Joan Siefert Rose, who recently stepped down as CEO of the Council for Entrepreneurial Development and joined an RTP consulting firm, is now wearing another hat.

She’s the new CEO of LaunchBio, a California-based nonprofit group focusing on life science startups.

In a detailed Q&A, Rose discusses her new mission – and why she accepted the challenge.

Why take a CEO job so soon after leaving another one? Weren’t you a bit tired after your years at CED (and all that fundraising)?

I’m a little surprised, too! But the chance to build something new, working on something significant with people I like, was too good to pass up..

Why were you interested? What is the group’s mission and how does that fit with your skillset/interests? How does this job differ and/or resemble your CED job?

This is a national organization, so while I will be based in North Carolina, I will be tapping into relationships in the other large life science hubs — Boston, San Francisco and San Diego. I love the chance to build a support network that connects these regions, while bringing new resources to entrepreneurs in North Carolina.

I believe the work of LaunchBio will amplify the work that CED does, and look forward to a close partnership

Was keeping your home in the Triangle a key prerequisite?

Yes, I always intended to stay here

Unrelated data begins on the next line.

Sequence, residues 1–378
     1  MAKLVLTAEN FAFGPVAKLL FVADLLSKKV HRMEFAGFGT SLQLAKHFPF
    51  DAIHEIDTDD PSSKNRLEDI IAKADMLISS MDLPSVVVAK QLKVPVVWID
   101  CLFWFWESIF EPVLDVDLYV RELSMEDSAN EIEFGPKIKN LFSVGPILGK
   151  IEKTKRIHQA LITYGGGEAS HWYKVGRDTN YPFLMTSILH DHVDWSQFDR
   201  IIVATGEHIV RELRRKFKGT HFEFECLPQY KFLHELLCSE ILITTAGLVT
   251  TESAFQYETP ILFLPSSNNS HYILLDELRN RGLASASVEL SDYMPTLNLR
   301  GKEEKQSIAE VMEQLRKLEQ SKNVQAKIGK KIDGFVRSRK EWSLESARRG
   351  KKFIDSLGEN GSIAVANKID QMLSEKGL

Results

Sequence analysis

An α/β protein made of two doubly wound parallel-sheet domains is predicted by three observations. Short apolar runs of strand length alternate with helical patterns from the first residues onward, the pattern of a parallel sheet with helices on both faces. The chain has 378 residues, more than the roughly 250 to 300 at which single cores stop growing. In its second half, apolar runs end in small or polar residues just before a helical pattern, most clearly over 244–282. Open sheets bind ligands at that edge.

What exactly will be your role/duties?

Creating meaningful connections for life science entrepreneurs among the key hubs through education, introductions, and some signature programs.

The board of LaunchBio is particularly interested in expanding access to capital for early stage companies by connecting them to venture philanthropy and social impact investors who want to help advance scientific discoveries to improve human health.

How does this organization fit with what’s happening in the Triangle?

If you look at the other communities where life science innovation is thriving, the networks are quite dense. There are many organizations and individuals making connections that help entrepreneurs build companies.

The addition of LaunchBio to the Triangle is a sign that our community is maturing. I will be spending some of my time at BioLabs-North Carolina, a co-working space offering entrepreneurs acceleration and capital efficiency, that will be coming on line in the Chesterfield Building in Durham later this year. It’s one of many new offerings that elevate the profile of the region.

Do you plan to partner/worked with the CED and with NCBIO as well as SEBIO and NC Biotech Center? How so?

Absolutely! It’s essential that we align our efforts. I have great respect for the work that all of them are doing, and consider LaunchBio’s work – connecting people and resources to a nationwide network – a positive addition to the work of these support organizations. I am certain that we will talk regularly to address gaps and opportunities in the market.

How does this affect your relationship with consulting firm CREO? Will you stay involved and work with other clients?

Yes, I remain a senior partner at CREO, and will assist other clients as time allows.

How did you learn about this new position?

I was approached with this opportunity.